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GCNs show promising results, but they are limited to very shallow models due to the vanishing gradient problem. As a result most state-of-the-art GCN algorithms are no deeper than 3 or 4 layers. In this work, we present new ways to successfully train very deep GCNs. We borrow concepts from CNNs, mainly residual/dense connections and dilated convolutions, and adapt them to GCN architectures. Through extensive experiments, we show the positive effect of these deep GCN frameworks. Finally, we use these new concepts to build a very deep 56-layer GCN, and show how it significantly boosts performance (+3.7% mIoU over state-of-the-art) in the task of point cloud semantic segmentation.
Oral at ICCV’19

We propose Observational Imitation Learning (OIL), a novel imitation learning variant that supports online training and automatic selection of optimal behavior by observing multiple imperfect teachers. We apply our proposed methodology to the challenging problems of autonomous driving and UAV racing. For both tasks, we utilize the Sim4CV simulator that enables the generation of large amounts of synthetic training data and also allows for online learning and evaluation. We train a perception network to predict waypoints from raw image data and use OIL to train another network to predict controls from these waypoints. Extensive experiments demonstrate that our trained network outperforms its teachers, conventional imitation learning (IL) and reinforcement learning (RL) baselines and even humans in simulation.
RSS’19

In this paper, we propose learning an optimized controller using a DNN that fuses multiple controllers. The network learns a robust controller with online trajectory filtering, which suppresses noisy trajectories and imperfections of individual controllers. The result is a network that is able to learn a good fusion of filtered trajectories from different controllers leading to significant improvements in overall performance. We compare our trained network to controllers it has learned from, end-to-end baselines and human pilots in a realistic simulation; our network beats all baselines in extensive experiments and approaches the performance of a professional human pilot.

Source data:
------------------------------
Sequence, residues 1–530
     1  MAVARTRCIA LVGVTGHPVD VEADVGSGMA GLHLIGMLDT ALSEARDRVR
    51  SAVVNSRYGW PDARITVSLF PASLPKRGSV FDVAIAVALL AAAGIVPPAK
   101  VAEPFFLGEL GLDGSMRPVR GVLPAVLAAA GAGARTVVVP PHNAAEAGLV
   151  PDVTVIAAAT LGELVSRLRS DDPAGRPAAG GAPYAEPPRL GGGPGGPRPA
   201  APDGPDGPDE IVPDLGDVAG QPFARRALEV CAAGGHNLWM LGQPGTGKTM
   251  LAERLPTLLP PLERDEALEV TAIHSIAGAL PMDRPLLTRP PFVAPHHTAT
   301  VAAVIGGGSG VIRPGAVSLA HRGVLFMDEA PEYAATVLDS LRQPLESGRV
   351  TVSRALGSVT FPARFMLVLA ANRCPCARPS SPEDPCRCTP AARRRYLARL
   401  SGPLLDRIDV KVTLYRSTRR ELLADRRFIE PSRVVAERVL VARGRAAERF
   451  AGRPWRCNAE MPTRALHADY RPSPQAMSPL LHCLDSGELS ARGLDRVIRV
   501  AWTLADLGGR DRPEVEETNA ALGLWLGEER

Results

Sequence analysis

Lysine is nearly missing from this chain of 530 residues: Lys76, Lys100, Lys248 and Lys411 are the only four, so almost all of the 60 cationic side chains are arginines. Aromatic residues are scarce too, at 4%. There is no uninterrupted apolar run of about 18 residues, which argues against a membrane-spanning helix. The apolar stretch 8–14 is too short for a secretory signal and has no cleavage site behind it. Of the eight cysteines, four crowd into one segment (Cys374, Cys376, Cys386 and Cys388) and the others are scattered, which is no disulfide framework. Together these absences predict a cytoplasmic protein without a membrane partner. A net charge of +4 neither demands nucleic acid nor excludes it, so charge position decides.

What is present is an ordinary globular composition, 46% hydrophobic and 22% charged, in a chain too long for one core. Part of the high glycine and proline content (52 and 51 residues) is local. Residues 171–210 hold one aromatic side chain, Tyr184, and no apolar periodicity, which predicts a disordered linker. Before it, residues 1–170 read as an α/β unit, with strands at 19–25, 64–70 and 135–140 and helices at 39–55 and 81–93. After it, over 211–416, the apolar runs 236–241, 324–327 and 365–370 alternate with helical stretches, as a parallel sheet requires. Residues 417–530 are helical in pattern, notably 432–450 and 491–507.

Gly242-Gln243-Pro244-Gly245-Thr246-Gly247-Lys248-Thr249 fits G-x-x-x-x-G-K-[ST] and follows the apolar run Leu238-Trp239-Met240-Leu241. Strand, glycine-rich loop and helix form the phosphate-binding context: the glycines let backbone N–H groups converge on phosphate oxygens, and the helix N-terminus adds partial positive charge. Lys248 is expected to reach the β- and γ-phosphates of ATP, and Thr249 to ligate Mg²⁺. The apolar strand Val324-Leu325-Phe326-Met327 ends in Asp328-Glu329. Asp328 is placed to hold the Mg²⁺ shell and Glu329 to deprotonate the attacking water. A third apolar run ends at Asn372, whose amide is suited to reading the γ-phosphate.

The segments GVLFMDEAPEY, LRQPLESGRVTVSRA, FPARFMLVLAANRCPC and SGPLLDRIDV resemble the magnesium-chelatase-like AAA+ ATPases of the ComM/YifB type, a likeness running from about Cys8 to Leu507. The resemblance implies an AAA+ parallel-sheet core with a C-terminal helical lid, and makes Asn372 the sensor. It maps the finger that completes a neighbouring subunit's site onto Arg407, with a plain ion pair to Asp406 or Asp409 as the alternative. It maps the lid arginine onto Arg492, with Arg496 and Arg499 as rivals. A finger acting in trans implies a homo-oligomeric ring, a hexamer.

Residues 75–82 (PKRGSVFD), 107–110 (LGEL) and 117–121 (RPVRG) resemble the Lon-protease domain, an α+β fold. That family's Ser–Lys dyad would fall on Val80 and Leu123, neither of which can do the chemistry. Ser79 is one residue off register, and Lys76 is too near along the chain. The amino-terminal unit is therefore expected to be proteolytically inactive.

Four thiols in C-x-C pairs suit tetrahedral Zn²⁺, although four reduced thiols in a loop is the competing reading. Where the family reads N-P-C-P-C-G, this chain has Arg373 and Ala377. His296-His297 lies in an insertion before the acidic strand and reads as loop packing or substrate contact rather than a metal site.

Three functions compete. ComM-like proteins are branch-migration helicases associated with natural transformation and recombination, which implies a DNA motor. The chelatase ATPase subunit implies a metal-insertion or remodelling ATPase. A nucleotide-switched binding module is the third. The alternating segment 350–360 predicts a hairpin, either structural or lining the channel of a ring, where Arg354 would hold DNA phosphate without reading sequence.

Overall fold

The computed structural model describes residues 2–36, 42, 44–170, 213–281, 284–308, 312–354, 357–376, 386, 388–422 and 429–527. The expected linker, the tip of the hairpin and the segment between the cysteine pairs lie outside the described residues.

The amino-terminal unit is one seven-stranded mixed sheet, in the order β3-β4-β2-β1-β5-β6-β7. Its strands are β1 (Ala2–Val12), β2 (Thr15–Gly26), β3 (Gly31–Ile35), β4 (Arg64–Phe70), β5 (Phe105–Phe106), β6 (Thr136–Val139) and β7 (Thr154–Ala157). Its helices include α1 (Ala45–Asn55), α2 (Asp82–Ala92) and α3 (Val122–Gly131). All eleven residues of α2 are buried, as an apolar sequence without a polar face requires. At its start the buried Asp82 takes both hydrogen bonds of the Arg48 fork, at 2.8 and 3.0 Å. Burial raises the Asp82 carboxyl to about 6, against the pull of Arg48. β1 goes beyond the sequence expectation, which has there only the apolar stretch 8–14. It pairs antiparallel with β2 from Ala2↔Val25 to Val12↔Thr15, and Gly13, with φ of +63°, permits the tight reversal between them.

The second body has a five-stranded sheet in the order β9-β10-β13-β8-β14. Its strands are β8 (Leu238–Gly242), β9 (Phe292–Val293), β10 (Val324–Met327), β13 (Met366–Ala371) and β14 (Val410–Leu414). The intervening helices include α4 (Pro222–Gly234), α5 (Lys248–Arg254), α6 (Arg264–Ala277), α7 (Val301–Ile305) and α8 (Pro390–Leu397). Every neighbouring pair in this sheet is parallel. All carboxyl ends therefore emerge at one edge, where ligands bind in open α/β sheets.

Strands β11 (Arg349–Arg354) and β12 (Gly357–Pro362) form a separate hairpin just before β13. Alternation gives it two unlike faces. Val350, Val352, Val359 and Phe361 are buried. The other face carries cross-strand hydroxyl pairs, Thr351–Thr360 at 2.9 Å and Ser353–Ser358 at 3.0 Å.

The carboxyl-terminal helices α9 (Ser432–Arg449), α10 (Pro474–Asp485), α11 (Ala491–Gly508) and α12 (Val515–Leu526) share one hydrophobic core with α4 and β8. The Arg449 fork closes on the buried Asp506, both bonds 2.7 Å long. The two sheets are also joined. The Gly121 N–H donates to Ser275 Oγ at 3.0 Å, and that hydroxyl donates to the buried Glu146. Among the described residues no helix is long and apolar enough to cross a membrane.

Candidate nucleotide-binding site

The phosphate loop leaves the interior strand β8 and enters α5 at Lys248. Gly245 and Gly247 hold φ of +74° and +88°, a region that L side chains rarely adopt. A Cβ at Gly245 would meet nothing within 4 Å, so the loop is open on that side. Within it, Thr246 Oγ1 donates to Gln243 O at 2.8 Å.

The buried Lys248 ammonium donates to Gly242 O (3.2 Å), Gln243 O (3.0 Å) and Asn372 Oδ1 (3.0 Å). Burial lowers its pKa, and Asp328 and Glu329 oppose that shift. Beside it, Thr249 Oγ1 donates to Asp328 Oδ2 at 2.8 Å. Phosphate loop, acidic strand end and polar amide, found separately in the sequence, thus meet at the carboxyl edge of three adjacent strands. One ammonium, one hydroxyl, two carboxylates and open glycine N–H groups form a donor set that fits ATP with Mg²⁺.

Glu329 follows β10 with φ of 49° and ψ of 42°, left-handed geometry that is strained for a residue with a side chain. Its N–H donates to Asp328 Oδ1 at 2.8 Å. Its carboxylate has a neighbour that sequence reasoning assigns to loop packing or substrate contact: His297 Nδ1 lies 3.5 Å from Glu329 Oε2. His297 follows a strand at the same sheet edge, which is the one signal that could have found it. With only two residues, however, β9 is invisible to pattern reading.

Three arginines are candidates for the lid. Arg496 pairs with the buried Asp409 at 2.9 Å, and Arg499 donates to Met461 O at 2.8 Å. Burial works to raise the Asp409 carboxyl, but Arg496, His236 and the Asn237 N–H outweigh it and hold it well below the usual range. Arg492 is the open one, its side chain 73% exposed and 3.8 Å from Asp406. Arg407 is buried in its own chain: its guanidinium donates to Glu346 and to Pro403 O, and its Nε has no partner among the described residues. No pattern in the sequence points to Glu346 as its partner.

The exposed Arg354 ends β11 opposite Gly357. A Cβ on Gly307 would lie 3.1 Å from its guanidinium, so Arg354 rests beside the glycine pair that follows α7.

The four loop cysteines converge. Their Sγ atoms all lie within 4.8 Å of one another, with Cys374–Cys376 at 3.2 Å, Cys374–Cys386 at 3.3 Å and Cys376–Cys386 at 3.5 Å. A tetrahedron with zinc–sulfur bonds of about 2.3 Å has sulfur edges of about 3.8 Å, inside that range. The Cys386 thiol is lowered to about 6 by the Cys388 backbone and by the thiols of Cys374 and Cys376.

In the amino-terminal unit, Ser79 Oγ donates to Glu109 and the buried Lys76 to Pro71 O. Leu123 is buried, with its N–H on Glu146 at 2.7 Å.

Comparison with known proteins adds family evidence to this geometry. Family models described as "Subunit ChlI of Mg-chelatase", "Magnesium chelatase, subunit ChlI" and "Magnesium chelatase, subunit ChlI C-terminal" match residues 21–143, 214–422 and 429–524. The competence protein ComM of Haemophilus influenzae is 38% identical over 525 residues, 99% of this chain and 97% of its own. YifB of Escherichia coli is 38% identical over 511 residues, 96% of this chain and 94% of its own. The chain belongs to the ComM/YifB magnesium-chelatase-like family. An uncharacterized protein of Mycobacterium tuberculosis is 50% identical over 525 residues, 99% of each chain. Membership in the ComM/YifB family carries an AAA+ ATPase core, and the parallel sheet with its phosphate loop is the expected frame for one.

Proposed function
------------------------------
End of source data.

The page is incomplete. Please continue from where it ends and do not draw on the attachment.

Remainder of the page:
CVPRW’19 - UAVision’19

We present TrackingNet, the first large-scale dataset and benchmark for object tracking in the wild. We provide more than 30K videos with more than 14 million dense bounding box annotations. Our dataset covers a wide selection of object classes in broad and diverse context. By releasing such a large-scale dataset, we expect deep trackers to further improve and generalize. In addition, we introduce a new benchmark composed of 500 novel videos, modeled with a distribution similar to our training dataset. By sequestering the annotation of the test set and providing an online evaluation server, we provide a fair benchmark for future development of object trackers. Deep trackers fine-tuned on a fraction of our dataset improve their performance by up to 1.6% on OTB100 and up to 1.7% on TrackingNet Test. We provide an extensive benchmark on TrackingNet by evaluating more than 20 trackers. Our results suggest that object tracking in the wild is far from being solved.
ECCV’18

We present an approach for transferring driving policies from simulation to reality via modularity and abstraction. Our approach is inspired by classic driving systems and aims to combine the benefits of modular architectures and end-to-end deep learning approaches. The key idea is to encapsulate the driving policy such that it is not directly exposed to raw perceptual input or low-level vehicle dynamics. We evaluate the presented approach in simulated urban environments and in the real world. In particular, we transfer a driving policy trained in simulation to a 1/5-scale robotic truck that is deployed in a variety of conditions, with no finetuning, on two continents.
CoRL’18